neo nazis in sweden

Neo-Nazis in Sweden



belief profess make no bones
neo incident backwater
fringe weapon sympathizer
Zionist cooperate movement (2)
pure violence revolution (2)
end (2) achieve foundation
expo dominant quarter (2)
NATO observe intimidate
activist convict extremism
illegal influence possession
link (3) asylum present (3)
injure assault intelligence (2)
arrest suspect Nordic (3)
willing defense connection
traitor militant distance (2)
ethnic charge (3) deportation
elite so-called resistance
area (3) declare domestic (2)
rally populist concentrate
rural support express (2)
active scene (2) make their presence felt
surge profit (2) branch (2)
repel aim (2) representative






The people meeting here make no bones about their beliefs: they openly profess to being part of the National Socialist community.

Neo-Nazis from throughout northern Europe have gathered here in the Swedish backwater; the far-right fringe of the far-right.

Almost six-hundred members and sympathizers of the so-called Nordic Resistance Movement are present.

They’re calling for a Nordic Revolution, the creation of a racially pure society. And they are prepared to use violence to achieve those ends.

Jonathan Leman, Anti-Racist Expo Foundation: “This movement is so dangerous, because it’s the most militant organization among the far-right groups; it’s become the dominant power in the scene.”

And Jonathan Leman should know: a social scientist he works for the Expo Foundation, which has been observing right-wing extremism in Sweden for years.

That’s why he’s here today.

Jonathan Leman, Anti-Racist Expo Foundation: “One quarter of its activists were either convicted or at least charged with the illegal possession of weapons in 2015 alone.”

The Neo-Nazis for example have been linked with bombings near asylum seekers’ hotels, which left two people seriously injured.

Sweden’s domestic intelligence agency, the SAPO, has arrested three suspects from the group in connection with the incident.

The Nordic Resistance Movement was unwilling to talk to us. But the group’s political leader shows clearly what he thinks of Sweden’s Defense Minister, calling him a traitor of the people, because he wants to cooperate closely with NATO.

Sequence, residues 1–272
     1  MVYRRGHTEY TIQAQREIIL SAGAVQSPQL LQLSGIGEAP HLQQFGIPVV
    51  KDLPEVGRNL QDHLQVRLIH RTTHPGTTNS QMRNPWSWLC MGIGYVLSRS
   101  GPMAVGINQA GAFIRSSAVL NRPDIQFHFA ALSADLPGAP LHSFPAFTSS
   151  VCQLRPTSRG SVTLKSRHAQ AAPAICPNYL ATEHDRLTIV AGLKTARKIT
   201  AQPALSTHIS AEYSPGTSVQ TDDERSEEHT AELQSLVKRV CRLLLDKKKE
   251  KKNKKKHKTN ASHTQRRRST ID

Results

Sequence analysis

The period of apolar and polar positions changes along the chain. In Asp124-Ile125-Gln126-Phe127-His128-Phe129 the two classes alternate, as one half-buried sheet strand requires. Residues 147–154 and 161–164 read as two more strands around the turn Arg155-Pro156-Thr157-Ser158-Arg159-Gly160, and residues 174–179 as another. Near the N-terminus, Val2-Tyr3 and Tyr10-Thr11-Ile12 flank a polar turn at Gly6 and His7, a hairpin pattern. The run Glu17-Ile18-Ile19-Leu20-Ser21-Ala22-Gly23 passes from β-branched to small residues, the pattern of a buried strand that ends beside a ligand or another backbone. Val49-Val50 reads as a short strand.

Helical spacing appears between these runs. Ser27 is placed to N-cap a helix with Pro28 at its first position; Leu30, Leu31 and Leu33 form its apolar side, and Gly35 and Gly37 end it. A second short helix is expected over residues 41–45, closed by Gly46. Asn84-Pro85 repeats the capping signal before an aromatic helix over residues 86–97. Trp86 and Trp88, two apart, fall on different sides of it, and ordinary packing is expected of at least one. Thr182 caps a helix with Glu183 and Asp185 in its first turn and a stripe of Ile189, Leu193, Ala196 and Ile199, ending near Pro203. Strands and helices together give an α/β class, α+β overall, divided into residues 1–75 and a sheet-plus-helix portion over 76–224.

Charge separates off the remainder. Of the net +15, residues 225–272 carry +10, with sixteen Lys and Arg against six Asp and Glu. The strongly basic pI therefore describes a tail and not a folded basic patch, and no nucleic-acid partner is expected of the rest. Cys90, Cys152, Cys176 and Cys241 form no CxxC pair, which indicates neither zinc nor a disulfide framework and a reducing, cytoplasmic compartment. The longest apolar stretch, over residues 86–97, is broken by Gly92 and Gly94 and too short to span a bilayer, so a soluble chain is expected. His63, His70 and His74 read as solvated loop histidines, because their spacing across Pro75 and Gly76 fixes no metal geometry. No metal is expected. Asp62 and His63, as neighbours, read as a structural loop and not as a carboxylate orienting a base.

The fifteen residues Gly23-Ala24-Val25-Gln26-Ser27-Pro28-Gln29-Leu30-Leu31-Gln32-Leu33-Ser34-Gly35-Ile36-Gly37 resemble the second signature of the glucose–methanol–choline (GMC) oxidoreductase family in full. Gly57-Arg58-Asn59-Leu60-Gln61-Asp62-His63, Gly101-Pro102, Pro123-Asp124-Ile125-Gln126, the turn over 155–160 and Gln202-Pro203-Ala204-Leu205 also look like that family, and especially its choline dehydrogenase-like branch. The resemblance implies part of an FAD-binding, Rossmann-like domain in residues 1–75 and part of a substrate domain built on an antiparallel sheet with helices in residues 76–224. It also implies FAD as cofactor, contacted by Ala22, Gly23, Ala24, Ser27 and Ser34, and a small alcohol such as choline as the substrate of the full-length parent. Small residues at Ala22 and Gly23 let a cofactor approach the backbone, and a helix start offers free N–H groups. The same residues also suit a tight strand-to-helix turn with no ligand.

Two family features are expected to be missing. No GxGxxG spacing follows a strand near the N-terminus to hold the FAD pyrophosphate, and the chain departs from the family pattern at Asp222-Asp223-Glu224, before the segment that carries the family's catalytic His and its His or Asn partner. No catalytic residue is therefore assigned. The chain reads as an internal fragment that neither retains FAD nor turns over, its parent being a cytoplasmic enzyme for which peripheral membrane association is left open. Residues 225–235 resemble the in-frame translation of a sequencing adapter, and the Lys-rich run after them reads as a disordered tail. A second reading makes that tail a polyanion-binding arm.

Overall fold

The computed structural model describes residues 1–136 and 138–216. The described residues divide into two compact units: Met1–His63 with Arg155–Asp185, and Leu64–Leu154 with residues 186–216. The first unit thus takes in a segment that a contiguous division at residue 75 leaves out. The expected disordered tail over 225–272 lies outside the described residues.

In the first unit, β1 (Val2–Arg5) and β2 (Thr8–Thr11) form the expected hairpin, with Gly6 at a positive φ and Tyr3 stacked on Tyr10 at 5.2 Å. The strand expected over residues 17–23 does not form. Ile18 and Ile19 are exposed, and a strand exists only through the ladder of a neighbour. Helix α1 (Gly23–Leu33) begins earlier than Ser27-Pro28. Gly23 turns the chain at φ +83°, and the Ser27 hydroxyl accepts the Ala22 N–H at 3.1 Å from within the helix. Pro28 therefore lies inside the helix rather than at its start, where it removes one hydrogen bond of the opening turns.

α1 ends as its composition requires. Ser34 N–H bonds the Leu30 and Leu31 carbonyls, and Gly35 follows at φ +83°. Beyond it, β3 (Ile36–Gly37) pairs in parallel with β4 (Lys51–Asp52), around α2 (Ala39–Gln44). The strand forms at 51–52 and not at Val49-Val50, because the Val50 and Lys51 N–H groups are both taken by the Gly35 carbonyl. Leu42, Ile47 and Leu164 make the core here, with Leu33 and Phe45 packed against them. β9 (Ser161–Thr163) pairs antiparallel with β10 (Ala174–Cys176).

The Neo-Nazis’ website is also no less clear about what they want. They call for the “deportation of people who aren’t ethnic Northern European as soon as possible.”

They also speak of the need to “repel the powerful Zionist elite and its military and economic influence.”

Their declared aim: to introduce a national socialist society.

And they’re not just active in Sweden — there’s also a group in Norway, and a very active one in Finland.

Last September, a man died after being assaulted at a Neo-Nazi rally. He had protested against their views. Police arrested a Finnish branch member.

In Sweden, the Neo-Nazis are concentrating on building up support in rural areas, like here in Falun in central Sweden. And they’re very much making their presence felt.

Angelica Andersson, Anti-Racism Activist: “They try to intimidate people. I’ve experienced that because I’m actively fighting racism, but my friends who aren’t as politically active have also experienced it.”

The Neo-Nazis have profited from the surge in support for the Sweden Democrats, a right-wing populist party, even though the party officially distances itself from the resistance movement.

Jonathan Leman, Anti-Racism Expo Foundation: “There are members of the SD and representatives that express support, sometimes for groups such as the Nordic Resistance Movements. Sweden Democrats is a party that works in the Swedish parliament, whereas this is a revolutionary and Nazi movement.”

Today there are no clashes: the Scandinavians are generally famed for their tolerance and cool headedness. The Neo-Nazis represent a real challenge to those values.


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1. The members of the movement probably admire Adolf. True or false?

2. Have Nordic Resistance Movement gathered in the center of Stockholm?

3. What is their ultimate goal?

4. The movement is harmless. Is this right or wrong? What have they done or committed?

5. Are their aims entirely racial, ethnic or demographic?

6. The movement is restricted to Sweden. Is this correct or incorrect?

7. Do they only dislike non-White people? Are they only against non-Whites?

8. Is there a close relationship between the Sweden Democrats and the Nordic Resistance Movement? What is the relationship between the SD and the NRM?


A. There are Neo-Nazis or extremists in my community or country. Yes or no? Do they have sympathizers?

B. What is their agenda or aim?

C. What is the history of extremism? Has it been increasing, decreasing or remaining the same over the years? What have they been campaigning for or against?

D. What might happen in the future?

E. Should the government of people do anything?

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